After reviewing and assessing Joe’s situation, Trotier believed him to be a competent appraiser with a valid rebuttal. He also concluded the bank never read Joe’s rebuttal and, based on the one year time frame for doing so, was unlikely to reinstate Joe before his business would be permanently damaged. FREA then emailed its due process concerns about the lack of a timely review to the bank and received a form reply thanking FREA for its interest.
At this point, FREA called in attorney Todd F. Stevens who works with appraisers to enforce their appeal rights when they are blacklisted. “The bank agreed to review Joe’s appeal, but the bank indicated that it would not be something they could and/or would address right away,” Stevens said. “A timely appeal process is crucial with blacklisting because it negatively and permanently impacts an appraiser’s livelihood.”
Later in November, Trotier emailed another representative at the bank citing the severe economic consequences Joe’s business had suffered and requested a formal review of Joe’s case be granted within 30 days. The following day FREA was directed to resubmit another copy of the request to the appraisal review department, which Trotier did immediately.
Two weeks later, yet another bank representative emailed Trotier and indicated the request for expedited review of Joe’s case was being delivered to the company’s chief appraiser for a decision. After two more days, Trotier received an email from the bank, informing him that a decision on Joe’s appeal would be made within one week.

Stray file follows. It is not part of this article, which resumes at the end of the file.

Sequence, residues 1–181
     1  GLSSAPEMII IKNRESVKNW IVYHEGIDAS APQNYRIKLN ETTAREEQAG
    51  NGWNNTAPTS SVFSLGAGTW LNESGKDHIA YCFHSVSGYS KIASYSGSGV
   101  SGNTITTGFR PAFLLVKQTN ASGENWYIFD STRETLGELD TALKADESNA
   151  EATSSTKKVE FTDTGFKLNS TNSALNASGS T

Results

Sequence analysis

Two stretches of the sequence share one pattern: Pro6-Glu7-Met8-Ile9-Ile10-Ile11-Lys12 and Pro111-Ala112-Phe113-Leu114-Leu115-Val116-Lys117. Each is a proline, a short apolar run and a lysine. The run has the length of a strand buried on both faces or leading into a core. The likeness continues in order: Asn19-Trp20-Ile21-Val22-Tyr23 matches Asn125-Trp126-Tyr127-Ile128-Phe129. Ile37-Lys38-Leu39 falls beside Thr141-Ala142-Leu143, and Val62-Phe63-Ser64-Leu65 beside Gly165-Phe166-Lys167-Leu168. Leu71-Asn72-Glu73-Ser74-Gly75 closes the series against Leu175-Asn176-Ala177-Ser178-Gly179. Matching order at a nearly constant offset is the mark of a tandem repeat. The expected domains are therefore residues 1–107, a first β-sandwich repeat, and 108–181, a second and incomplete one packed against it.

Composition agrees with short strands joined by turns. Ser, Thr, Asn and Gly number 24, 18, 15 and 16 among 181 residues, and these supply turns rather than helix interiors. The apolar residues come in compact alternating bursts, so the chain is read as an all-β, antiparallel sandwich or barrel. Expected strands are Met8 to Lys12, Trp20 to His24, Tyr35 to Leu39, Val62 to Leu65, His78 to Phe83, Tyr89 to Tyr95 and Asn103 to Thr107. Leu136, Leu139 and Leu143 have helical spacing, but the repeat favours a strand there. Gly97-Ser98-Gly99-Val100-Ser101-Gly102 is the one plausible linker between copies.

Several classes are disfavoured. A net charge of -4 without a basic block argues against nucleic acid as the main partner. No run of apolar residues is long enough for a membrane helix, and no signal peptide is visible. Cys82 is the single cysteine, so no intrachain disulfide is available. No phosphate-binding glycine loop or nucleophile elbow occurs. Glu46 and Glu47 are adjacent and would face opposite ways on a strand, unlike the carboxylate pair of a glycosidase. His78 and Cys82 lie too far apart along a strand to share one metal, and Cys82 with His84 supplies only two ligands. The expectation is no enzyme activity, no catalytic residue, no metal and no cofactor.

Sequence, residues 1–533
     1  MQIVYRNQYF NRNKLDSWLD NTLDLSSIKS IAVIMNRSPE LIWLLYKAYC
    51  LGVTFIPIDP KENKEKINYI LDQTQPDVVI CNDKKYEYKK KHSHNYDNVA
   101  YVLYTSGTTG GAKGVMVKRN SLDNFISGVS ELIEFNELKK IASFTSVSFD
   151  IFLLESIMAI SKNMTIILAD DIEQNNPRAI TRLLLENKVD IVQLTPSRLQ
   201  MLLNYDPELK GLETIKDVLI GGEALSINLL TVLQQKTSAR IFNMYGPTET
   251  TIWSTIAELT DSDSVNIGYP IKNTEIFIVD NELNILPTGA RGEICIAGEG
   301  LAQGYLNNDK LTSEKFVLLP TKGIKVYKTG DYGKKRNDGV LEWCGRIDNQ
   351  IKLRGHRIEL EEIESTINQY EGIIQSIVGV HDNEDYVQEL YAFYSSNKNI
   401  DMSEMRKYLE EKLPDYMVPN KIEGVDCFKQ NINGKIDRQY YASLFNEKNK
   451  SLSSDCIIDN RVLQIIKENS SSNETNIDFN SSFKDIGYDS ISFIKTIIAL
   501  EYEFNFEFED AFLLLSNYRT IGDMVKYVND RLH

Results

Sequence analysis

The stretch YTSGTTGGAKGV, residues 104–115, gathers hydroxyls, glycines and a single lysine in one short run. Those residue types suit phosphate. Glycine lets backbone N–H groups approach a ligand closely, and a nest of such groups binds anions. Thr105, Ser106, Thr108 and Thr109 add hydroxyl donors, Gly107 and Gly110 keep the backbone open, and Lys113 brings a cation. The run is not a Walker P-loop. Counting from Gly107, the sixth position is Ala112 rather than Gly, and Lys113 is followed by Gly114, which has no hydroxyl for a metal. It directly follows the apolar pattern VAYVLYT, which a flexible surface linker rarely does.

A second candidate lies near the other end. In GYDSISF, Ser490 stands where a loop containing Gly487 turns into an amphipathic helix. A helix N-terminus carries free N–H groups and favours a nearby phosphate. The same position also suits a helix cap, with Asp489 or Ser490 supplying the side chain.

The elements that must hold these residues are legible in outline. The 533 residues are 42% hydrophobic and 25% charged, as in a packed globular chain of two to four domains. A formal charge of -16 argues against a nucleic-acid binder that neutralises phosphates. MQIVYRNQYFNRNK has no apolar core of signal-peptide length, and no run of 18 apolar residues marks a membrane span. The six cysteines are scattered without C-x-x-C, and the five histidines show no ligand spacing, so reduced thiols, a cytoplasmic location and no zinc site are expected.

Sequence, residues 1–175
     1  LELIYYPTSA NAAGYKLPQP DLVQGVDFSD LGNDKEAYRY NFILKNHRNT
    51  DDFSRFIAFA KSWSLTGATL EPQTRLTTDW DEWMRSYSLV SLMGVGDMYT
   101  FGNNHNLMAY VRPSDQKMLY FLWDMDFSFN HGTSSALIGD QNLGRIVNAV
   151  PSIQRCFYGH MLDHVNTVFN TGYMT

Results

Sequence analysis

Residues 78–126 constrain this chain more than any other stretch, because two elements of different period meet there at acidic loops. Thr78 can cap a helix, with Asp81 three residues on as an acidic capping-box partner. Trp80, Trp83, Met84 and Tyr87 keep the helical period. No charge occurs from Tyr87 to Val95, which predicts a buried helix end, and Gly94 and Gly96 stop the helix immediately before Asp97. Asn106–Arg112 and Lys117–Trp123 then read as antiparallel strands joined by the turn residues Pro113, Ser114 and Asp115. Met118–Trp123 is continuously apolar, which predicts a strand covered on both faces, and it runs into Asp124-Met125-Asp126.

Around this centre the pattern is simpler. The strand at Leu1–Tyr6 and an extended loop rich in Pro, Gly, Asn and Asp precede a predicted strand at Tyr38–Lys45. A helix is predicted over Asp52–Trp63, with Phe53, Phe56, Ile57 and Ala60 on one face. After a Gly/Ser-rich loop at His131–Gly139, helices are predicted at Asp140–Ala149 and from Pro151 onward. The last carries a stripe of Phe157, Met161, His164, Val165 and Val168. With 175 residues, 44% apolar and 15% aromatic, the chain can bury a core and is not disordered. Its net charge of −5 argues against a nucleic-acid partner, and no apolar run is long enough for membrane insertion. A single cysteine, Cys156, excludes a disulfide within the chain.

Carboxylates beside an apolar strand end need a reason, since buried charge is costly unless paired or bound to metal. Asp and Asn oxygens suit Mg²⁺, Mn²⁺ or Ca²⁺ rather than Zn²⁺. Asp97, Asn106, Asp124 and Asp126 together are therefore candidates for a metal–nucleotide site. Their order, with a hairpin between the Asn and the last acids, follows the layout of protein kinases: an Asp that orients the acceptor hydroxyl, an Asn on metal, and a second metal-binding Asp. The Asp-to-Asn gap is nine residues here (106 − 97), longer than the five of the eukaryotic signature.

After the week passed without any decision and after submitting repeated requests to the bank about the promised review and decision, neither Joe nor FREA had received word about Joe’s change appeal. When yet another week passed and the bank had yet to deliver a resolution, Trotier took the initiative and sent one final email to the bank, indicating Joe’s intent to sue the bank for the damage to his business and professional reputation. Miraculously, the bank woke up and quickly and removed Joe from the “do not use” list.
Blacklisting is a continuing and growing problem
There are potentially thousands of appraisers who already are in the same boat Joe found himself in as a result of a bank’s failure to provide a timely, fair, and objective review of a blacklisting decision. With recent changes in quality management regulations impacting Fannie Mae and Freddie Mac directly, the number of appraisers who will end up on “do not use” lists will continue to grow unabated unless a system for a review of the decision is implemented. Since roughly 95% of all real estate appraisal business is done in conjunction with mortgage lending, there is a high cost of being blacklisted.
Now it’s your turn
We all know at least one person who has been blacklisted and refused a timely appeal. What do you think it will take for banks to treat suspected appraisers as innocent until proven guilty – instead of the other way around?
(We’ll be discussing this more in Part 2 of this two part series on blacklisting.)